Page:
1999 Beef & Bison Production Field Day
Costs Associated With Raising Beef Replacement Heifers
Carrington Area Farm Business Management Program
Carrington Public Schools and Carrington Research Extension Center, NDSU
One of the major costs associated with maintaining a quality beef herd is that of raising replacement females. In attempting to maximize profits, producers need to know the cost of raising a beef replacement heifer and how that cost will impact the potential for future profits. As in so many enterprises, there is a wide gap between the high and low cost producers when it comes to raising replacement heifers. Producers will be in a better position to enhance future profits if they know the true cost of production associated with raising replacement heifers.
Data for this study was compiled through the Carrington Area Farm Business Management Program. The replacement heifer enterprise data summarized in this report was generated from beef enterprises located in the counties of Eddy, Foster, Griggs, Kidder, Sheridan, Stutsman, and Wells. The data was collected over a four year period from 1995 through 1998. The minimum number of replacement heifers involved in any one year was 255 with a maximum of 486 and a total of 1,309 involved over the four-year period. The minimum number of farms and ranches involved in any one year was 13 with a maximum of 18. This study represents a summation of 60 individual beef replacement heifer enterprises over a four-year period.
The beginning point of each individual enterprise analysis is that point in time when the heifers are selected out to be kept for replacements. For those heifers purchased in the fall, as seven or eight month old calves, the beginning point is January first of the following year. For heifers that are raised on the same farm or ranch, the beginning point is that date in time when they are selected and physically separated from the rest of the calves being fed or backgrounded. For example, in 1998 the average number of days for all eighteen replacement heifer enterprises was 322, which translated into an average startup date or beginning point of February 12. The ending point for each enterprise was either December 31. of the corresponding year or the date on which the heifers were sold and thus transferred out. The vast majority of the replacement heifer enterprises concluded at the end of December as these heifers were then transferred into the total cow herd, effective the first of January.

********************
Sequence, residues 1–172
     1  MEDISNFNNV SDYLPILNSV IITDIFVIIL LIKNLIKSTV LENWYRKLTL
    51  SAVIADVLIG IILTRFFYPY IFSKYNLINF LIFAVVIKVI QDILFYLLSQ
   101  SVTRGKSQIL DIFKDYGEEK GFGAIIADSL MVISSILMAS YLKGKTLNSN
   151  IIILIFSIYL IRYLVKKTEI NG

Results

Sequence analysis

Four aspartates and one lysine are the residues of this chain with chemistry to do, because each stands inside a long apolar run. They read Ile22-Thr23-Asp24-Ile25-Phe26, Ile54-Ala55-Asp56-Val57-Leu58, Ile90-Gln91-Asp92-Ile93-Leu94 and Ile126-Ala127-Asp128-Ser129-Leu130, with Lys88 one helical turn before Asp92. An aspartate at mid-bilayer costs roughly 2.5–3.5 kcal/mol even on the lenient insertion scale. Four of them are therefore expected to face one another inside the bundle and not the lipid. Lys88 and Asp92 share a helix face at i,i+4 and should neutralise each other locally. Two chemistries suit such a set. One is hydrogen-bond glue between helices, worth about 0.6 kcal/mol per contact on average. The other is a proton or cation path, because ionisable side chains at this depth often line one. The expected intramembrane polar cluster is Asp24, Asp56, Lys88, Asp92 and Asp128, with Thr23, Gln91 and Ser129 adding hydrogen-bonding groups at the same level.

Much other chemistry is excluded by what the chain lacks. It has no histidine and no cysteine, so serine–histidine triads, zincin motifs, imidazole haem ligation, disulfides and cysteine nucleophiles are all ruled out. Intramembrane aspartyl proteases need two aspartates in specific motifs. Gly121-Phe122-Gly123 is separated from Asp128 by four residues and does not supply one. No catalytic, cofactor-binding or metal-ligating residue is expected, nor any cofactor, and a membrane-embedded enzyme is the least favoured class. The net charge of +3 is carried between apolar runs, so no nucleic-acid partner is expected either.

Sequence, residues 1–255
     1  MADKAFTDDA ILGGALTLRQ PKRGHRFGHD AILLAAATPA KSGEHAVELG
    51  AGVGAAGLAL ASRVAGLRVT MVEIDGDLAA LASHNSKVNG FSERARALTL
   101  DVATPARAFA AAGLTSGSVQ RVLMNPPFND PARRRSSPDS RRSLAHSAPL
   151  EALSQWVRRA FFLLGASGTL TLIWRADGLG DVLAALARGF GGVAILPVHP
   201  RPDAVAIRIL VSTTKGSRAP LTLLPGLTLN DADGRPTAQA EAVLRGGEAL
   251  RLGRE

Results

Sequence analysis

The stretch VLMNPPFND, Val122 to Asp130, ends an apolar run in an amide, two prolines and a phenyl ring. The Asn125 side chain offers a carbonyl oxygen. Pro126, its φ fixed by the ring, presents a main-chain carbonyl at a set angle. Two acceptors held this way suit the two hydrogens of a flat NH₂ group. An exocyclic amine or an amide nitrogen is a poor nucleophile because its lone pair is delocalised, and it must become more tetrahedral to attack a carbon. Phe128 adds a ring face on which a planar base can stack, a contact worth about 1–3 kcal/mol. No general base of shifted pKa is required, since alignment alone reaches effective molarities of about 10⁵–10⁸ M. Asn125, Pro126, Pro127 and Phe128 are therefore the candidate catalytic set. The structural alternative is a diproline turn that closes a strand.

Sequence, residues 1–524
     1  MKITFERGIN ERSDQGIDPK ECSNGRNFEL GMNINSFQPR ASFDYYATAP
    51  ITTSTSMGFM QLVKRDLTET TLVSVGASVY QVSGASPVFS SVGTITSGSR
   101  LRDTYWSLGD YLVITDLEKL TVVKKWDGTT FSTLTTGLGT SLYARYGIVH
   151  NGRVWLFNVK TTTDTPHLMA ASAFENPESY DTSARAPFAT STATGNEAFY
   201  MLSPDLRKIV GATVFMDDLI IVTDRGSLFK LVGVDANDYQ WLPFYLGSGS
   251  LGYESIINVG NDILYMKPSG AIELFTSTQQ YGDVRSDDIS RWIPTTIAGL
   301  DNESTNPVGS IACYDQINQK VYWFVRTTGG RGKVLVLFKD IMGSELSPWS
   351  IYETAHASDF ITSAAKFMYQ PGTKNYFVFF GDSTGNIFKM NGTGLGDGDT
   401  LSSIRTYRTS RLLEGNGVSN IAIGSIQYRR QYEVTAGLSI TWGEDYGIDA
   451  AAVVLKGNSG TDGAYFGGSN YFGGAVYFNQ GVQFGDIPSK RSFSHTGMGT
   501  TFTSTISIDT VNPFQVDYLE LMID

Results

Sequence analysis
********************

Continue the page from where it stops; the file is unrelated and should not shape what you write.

Whenever possible, actual scale weights of heifers being transferred in or out were used. Because so many producers do not weigh heifers kept back when the balance of the feeder group is sold, producers were asked to estimate the beginning weight of the remaining heifers based on the weights, after adjusting for shrinkage, of the animals sold or transferred out. The ending December weights were estimated by producers and were related to their beef cow weights whenever applicable.
All expenses including feed, pasture costs, supplies, overhead expenses, etc. were calculated for each individual replacement heifer enterprise. The breeding charge for the various heifer enterprises is in most cases, part of the total feed and expense allocation for that particular enterprise. A limited amount of artificial breeding was done and that cost is reflected in table 1.
Results and Discussion
The average gross return per heifer, as shown in table 1, was $608.81. This gross return included actual sales, the value of heifers transferred out prior to the end of the enterprise, and the value of heifers as recorded at the end of the enterprise before they were transferred into the beef cow herd. The average weight per heifer purchased or transferred in was 706 pounds, with a range of 642 to 752 pounds. The lighter average weight in 1998 was partially due to more young heifer calves being purchased and raised for resale as bred replacement heifers. With 1998 excluded, the three-year average weight of purchased and transferred heifer calves was 728 pounds.
The average daily gain per head was .98 pounds with a total feed cost, including pasture or range, of $126.05 per heifer. Feed and other direct costs averaged $149.88 per year while overhead contributed an average of $8.02 annually for a total cost of $157.90 per year. Total pounds gained per heifer, table 2, varied from an average low of 251 pounds to an average high of 306 pounds with a four-year average of 285 pounds. The annual feed cost per cwt. of gain, including pasture or range, varied from an annual average of $42.18 to $50.36. In three of the four years, the cost of gain varied from a low of $42.18 to a high of $42.95. Death loss was fairly low, averaging .73% over the four year period. Including the beginning value of the heifer calf, $467.02, the average four year total cost per heifer from the time of transfer in to being placed in the cow herd, effective January 1, was $624.92 and covered a time frame of approximately 10.6 months.